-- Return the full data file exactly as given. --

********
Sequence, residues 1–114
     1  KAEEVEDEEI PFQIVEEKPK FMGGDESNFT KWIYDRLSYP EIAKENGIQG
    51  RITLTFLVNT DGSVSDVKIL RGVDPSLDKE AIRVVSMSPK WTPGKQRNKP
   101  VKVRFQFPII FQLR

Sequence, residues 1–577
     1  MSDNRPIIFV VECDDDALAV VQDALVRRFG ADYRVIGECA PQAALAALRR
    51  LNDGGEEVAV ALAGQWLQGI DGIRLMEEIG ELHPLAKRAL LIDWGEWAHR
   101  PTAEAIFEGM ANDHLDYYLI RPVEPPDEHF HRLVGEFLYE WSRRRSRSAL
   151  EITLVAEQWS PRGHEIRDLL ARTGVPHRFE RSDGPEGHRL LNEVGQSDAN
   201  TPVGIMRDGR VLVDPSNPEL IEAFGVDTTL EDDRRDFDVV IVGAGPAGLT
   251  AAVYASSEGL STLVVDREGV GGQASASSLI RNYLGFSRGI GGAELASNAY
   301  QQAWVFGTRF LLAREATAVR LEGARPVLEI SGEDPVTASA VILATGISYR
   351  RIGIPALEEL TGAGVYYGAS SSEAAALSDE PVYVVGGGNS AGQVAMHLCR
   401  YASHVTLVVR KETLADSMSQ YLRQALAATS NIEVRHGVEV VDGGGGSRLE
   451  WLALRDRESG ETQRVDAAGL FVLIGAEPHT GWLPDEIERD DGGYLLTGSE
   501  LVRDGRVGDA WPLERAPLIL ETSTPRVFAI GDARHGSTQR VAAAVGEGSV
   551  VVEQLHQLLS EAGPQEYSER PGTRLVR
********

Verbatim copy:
Sequence, residues 1–114
     1  KAEEVEDEEI PFQIVEEKPK FMGGDESNFT KWIYDRLSYP EIAKENGIQG
    51  RITLTFLVNT DGSVSDVKIL RGVDPSLDKE AIRVVSMSPK WTPGKQRNKP
   101  VKVRFQFPII FQLR

Sequence, residues 1–577
     1  MSDNRPIIFV VECDDDALAV VQDALVRRFG ADYRVIGECA PQAALAALRR
    51  LNDGGEEVAV ALAGQWLQGI DGIRLMEEIG ELHPLAKRAL LIDWGEWAHR
   101  PTAEAIFEGM ANDHLDYYLI RPVEPPDEHF HRLVGEFLYE WSRRRSRSAL
   151  EITLVAEQWS PRGHEIRDLL ARTGVPHRFE RSDGPEGHRL LNEVGQSDAN
   201  TPVGIMRDGR VLVDPSNPEL IEAFGVDTTL EDDRRDFDVV IVGAGPAGLT
   251  AAVYASSEGL STLVVDREGV GGQASASSLI RNYLGFSRGI GGAELASNAY
   301  QQAWVFGTRF LLAREATAVR LEGARPVLEI SGEDPVTASA VILATGISYR
   351  RIGIPALEEL TGAGVYYGAS SSEAAALSDE PVYVVGGGNS AGQVAMHLCR
   401  YASHVTLVVR KETLADSMSQ YLRQALAATS NIEVRHGVEV VDGGGGSRLE
   451  WLALRDRESG ETQRVDAAGL FVLIGAEPHT GWLPDEIERD DGGYLLTGSE
   501  LVRDGRVGDA WPLERAPLIL ETSTPRVFAI GDARHGSTQR VAAAVGEGSV
   551  VVEQLHQLLS EAGPQEYSER PGTRLVR